Full details and registration are available on the SLIS website.
The Consumer Financial Protection Bureau’s Division of Consumer Education and Engagement is offering a webinar from 2 to 3 p.m. on Wednesday, Dec. 4, to discuss how the Consumer Financial Protection Bureau (CFPB) is working to raise the profile of libraries in every community
The Consumer Financial Protection Bureau and the Institute of Museum and Library Services (IMLS) are partnering to develop financial education tools and share best practices with the public library field. The goal of the partnership is to provide tools and materials to help libraries provide free, unbiased financial information and referrals in their communities, build local partnerships and promote libraries as community resources
The webinar will feature representatives from the CFPB, the Institute of Museum and Library Services (IMLS), American Library Association, and two local public library partners. The CFPB just completed its information gathering stage, interviewing librarians, library associations, national partners, and library customers. Through the webinar they hope to share results with public librarians, discuss strategies, and start a nationwide conversation about how all participants can help to better inform and serve American consumers.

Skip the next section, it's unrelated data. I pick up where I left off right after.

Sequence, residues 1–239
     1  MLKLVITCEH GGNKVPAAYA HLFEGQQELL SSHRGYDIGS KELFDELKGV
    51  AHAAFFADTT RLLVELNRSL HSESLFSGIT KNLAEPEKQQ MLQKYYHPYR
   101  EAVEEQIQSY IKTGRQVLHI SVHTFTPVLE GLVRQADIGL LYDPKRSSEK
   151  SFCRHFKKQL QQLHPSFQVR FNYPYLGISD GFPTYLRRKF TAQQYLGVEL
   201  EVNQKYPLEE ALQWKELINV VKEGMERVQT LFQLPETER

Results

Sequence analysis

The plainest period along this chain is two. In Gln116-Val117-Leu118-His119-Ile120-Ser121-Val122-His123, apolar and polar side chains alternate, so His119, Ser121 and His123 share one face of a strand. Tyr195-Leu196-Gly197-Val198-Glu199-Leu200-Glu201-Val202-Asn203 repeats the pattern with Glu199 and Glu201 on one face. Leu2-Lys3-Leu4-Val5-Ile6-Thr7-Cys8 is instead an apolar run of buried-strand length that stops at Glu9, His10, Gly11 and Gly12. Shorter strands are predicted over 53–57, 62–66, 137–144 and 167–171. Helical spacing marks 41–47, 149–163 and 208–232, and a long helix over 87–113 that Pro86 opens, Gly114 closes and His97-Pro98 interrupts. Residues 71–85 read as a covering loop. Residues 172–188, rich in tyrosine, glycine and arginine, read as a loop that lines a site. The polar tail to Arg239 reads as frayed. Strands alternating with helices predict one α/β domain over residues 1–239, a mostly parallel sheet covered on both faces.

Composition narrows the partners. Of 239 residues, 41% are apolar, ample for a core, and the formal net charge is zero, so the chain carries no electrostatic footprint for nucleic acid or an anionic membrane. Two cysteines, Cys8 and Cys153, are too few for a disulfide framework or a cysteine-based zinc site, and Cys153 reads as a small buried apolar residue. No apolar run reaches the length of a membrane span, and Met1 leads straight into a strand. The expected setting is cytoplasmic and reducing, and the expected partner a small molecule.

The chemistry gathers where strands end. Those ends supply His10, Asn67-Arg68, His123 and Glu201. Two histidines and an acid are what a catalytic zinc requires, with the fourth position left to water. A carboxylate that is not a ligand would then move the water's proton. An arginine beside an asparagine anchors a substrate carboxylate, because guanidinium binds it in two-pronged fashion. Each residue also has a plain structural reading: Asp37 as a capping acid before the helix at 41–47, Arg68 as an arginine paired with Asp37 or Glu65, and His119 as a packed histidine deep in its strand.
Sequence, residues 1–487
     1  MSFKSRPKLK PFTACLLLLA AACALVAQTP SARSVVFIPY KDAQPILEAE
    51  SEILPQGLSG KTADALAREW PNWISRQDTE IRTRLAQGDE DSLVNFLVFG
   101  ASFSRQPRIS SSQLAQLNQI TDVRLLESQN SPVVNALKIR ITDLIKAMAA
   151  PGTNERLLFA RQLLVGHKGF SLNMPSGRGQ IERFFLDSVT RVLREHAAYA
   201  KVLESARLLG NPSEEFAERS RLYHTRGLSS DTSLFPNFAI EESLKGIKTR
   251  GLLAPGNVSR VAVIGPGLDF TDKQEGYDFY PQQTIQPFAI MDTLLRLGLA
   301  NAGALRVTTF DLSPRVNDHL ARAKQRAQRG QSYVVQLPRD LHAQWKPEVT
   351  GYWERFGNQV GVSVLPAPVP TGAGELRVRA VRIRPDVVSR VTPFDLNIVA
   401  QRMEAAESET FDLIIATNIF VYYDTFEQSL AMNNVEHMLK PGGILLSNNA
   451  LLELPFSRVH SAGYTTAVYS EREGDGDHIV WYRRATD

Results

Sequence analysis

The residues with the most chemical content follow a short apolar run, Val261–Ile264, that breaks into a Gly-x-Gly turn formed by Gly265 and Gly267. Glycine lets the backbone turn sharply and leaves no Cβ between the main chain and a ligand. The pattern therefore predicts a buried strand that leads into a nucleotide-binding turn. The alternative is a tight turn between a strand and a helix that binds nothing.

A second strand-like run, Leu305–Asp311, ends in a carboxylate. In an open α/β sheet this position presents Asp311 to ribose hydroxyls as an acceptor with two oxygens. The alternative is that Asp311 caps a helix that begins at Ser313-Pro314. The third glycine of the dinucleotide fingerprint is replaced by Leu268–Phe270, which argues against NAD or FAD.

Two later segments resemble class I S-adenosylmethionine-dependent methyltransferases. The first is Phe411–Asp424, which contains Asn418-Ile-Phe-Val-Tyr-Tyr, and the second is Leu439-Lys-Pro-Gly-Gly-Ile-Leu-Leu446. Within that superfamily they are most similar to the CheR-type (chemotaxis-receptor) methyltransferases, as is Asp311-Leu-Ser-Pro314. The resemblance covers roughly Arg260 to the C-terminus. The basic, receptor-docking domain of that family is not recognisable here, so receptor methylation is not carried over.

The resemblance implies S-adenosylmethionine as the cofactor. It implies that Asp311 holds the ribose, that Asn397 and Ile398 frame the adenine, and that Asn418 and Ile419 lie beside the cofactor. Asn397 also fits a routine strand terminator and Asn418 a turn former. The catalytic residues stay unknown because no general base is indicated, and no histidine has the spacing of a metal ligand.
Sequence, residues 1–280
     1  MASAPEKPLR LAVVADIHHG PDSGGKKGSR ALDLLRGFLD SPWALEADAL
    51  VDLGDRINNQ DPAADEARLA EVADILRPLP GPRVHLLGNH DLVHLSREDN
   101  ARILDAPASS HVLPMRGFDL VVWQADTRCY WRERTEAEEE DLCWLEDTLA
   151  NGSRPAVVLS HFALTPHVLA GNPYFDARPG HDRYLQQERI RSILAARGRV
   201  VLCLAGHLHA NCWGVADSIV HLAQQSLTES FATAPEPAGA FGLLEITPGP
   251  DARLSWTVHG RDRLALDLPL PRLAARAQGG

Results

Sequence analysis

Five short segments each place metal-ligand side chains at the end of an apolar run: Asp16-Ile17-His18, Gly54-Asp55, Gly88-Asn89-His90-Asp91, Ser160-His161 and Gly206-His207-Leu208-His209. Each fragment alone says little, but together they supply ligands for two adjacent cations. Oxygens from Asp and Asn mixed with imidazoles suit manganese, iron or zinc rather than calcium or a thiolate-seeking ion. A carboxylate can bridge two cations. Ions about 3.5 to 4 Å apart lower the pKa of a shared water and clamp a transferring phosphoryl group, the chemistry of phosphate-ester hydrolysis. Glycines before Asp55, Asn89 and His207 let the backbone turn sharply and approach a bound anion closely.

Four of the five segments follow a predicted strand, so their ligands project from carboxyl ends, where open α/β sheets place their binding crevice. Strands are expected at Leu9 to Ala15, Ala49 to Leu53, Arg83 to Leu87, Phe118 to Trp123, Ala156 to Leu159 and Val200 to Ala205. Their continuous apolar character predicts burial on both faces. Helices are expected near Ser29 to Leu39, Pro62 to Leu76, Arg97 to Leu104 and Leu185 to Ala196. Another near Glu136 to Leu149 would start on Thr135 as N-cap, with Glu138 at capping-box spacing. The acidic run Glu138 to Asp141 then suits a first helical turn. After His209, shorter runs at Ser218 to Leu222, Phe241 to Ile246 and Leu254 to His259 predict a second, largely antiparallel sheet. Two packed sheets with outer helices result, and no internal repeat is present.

Information on the project and instructions for connecting to the Webinar and listening via phone are available at http://blog.imls.gov/?p=4373#sthash.0PZCRKne.dpuf.
--from Channel Weekly (Vol. 16, No. 11 – Nov. 21, 2013
Library customers will soon be flocking to libraries with new eReaders, tablets, and other portable devices, and a Dec. 4 & 5 program from OverDrive will help you get the jump on the rush.
Through this special session you’ll learn about the latest devices and how your customers can use them to enjoy the OverDrive collection available through Wisconsin’s Digital Library.
The webinar will be held on Dec. 4 at 7 p.m. and again on Dec. 5 at 3 p.m., and you can register now for either session. If you can’t attend either of these session, visit the OverDrive Learning Center beginning Dec. 13 for a recorded session. If you have questions, contact firstname.lastname@example.org.